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REVIEW

How to identify signs of brain tumours in children

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Diagnosis of brain tumours in children is improving, but the UK still lags behind other western countries. Knowledge of symptoms will allow nurses to improve early diagnosis

Abstract

Brain tumours are the leading cause of cancer-related deaths in children. Prompt recognition of symptoms facilitates an early diagnosis, which is likely to result in a better outcome. The initial symptoms may mimic those of less serious illnesses, and brain tumours take longer to be diagnosed in the UK than in other western countries. The HeadSmart campaign was set up in 2011 to increase awareness of brain tumours in children among health professionals and the public. Since its launch, the time to diagnosis has reduced. Practitioners in many clinical areas play an important role in early recognition and diagnosis of brain tumours. The HeadSmart symptom card is a valuable tool in assessing children.

Citation: Paul SP et al (2014) How to identify signs of brain tumours in children. Nursing Times; 110: 44, 21-23.

Authors: Dr Siba Prosad Paul is specialty trainee year 7 in paediatrics at Southmead Hospital, Bristol; Dr Jayne Sage is specialty trainee year 2 in paediatrics at Southmead Hospital, Bristol; Rachel Wilkinson is advanced paediatric nurse practitioner at St Richard’s Hospital, Chichester.

Introduction

Brain tumour is an abnormal and uncontrollable growth of cells in the brain. Every year an average of 412 new cases are diagnosed in children under 15 years of age in Great Britain. Brain tumours account for a quarter of all childhood cancers and are the leading cause of all cancer-related deaths in children in the UK (Cancer Research UK, 2014).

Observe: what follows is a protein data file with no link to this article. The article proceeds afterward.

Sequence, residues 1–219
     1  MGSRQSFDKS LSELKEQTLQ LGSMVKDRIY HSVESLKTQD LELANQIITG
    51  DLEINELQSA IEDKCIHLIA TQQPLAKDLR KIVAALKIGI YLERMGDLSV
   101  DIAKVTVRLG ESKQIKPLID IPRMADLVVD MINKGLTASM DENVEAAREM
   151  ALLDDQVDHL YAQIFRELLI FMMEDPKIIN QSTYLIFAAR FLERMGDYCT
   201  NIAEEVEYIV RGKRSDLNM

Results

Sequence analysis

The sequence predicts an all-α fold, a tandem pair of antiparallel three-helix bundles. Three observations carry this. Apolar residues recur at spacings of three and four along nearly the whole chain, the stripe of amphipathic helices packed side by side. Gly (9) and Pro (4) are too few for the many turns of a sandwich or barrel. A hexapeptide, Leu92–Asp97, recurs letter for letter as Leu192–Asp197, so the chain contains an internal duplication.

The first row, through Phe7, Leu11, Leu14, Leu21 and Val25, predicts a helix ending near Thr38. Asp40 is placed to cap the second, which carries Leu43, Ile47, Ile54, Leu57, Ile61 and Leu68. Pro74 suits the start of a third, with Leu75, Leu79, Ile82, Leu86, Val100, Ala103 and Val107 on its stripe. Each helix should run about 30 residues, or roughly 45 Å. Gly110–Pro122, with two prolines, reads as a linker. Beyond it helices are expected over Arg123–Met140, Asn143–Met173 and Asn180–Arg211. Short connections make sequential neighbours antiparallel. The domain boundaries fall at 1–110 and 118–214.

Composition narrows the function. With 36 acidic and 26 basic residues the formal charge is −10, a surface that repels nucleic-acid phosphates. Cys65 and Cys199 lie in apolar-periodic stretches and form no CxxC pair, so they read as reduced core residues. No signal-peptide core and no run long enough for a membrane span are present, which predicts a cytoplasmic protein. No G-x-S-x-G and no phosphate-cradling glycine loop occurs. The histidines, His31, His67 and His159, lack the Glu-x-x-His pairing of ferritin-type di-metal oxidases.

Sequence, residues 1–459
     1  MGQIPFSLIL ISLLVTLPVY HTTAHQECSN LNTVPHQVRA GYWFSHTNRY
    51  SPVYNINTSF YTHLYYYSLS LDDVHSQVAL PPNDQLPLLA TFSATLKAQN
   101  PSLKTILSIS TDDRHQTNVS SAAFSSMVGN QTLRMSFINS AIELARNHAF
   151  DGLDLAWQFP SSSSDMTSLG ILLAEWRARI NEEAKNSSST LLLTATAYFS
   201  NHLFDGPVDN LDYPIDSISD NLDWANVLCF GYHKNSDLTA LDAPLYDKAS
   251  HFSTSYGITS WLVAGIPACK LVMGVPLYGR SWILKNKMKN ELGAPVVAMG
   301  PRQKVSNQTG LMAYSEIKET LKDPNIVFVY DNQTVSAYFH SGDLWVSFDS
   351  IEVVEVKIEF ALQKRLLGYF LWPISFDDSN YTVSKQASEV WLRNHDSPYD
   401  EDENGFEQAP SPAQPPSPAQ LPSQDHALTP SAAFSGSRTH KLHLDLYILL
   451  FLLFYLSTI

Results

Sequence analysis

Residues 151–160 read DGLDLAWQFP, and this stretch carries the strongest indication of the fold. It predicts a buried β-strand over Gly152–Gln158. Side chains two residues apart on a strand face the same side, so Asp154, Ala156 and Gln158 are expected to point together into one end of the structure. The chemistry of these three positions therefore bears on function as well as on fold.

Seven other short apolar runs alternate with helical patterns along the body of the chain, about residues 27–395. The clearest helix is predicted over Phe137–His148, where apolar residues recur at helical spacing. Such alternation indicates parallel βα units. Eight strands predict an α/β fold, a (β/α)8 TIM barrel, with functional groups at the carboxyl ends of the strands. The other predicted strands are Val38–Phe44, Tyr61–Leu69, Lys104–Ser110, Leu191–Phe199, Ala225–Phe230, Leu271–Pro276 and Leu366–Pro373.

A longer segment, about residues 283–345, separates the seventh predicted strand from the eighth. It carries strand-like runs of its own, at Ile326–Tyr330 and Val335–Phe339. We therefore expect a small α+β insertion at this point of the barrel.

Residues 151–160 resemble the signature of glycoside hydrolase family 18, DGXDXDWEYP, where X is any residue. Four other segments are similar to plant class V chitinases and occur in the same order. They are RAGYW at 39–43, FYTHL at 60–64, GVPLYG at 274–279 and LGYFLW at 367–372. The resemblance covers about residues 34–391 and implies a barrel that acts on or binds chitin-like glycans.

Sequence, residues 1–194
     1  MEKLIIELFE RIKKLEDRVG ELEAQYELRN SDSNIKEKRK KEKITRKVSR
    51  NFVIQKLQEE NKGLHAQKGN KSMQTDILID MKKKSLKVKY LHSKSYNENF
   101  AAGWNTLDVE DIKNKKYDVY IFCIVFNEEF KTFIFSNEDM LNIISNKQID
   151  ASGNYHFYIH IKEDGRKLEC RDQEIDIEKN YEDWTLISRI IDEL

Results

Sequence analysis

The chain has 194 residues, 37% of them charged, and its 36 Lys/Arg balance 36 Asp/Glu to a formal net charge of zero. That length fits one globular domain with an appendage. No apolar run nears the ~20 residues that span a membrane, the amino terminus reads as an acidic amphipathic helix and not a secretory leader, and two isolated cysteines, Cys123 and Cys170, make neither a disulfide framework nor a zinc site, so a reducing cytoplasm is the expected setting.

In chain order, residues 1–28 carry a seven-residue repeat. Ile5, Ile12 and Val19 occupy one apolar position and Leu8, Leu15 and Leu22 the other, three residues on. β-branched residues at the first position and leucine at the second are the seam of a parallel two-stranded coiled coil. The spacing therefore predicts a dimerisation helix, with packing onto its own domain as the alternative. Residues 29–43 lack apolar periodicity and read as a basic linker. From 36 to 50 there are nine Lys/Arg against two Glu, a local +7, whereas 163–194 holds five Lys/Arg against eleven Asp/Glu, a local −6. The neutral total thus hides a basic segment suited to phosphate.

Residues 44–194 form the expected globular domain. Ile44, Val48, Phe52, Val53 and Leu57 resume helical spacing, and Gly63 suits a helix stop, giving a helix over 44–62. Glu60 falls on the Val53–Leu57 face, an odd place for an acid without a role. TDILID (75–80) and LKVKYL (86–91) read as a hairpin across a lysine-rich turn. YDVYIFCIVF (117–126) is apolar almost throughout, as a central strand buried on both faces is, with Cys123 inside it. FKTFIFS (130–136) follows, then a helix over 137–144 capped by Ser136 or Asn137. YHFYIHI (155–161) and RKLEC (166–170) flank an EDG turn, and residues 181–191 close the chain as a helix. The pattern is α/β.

Studies have shown worse outcomes and increased mortality in children whose diagnosis is delayed (HeadSmart UK, 2014; Lethaby et al, 2013; Wilne et al, 2010). Wilne et al (2010) noted in two cohort studies that it took three times longer for children in the UK with brain tumours to be diagnosed than those in North America, Poland, Israel and Switzerland.

Reasons for delay in diagnosis

The initial presentation of brain tumours in children frequently mimics more common, less serious conditions. Children may have new-onset seizures, unsteadiness on their feet starting coincidentally after a viral illness, deterioration in school performance considered to be secondary to hearing or visual difficulties, or gradual loss of sensation in a limb (Wilne et al, 2013; 2010).

There is a need for better awareness among practitioners and HeadSmart was set up to achieve this (Paul and Walker, 2013). This multiprofessional and public awareness campaign uses quality improvement techniques to bring about change (Wilne et al, 2013). Resources on the HeadSmart website (www.headsmart.org.uk) include a training module.

Between Headsmart’s launch in 2011 and June 2013, the average time to diagnosis of brain tumours in children in the UK fell from 9.3 to 6.9 weeks; it aims to reduce this time to five weeks, in line with other western countries (HeadSmart UK, 2014; Paul and Walker, 2013).

HeadSmart has identified that delays in the diagnosis can occur at different stages for a variety of reasons. At patient level, the “appraisal and health-seeking interval” occurs while the patient and family become aware of symptoms and decide whether to contact their GP.

At primary health system level, the “GP recognition of symptoms interval” is the time it takes for an assessment to be made leading to investigation or referral, and the processes associated with the initiation of investigation or referral.

The “secondary health system interval” is the time taken to make arrangements for assessment, for physician/surgical recognition of symptoms and for diagnostic investigations.

The “pre-treatment interval” is the time taken to start the first treatment after diagnosis. In brain tumours, this usually leads up to the date of primary surgery.

Clinical presentation

Health professionals working both in primary and acute care will see children who may have brain tumours, so it is vital they are able to identify and recognise the signs and symptoms early (Wilne et al, 2013).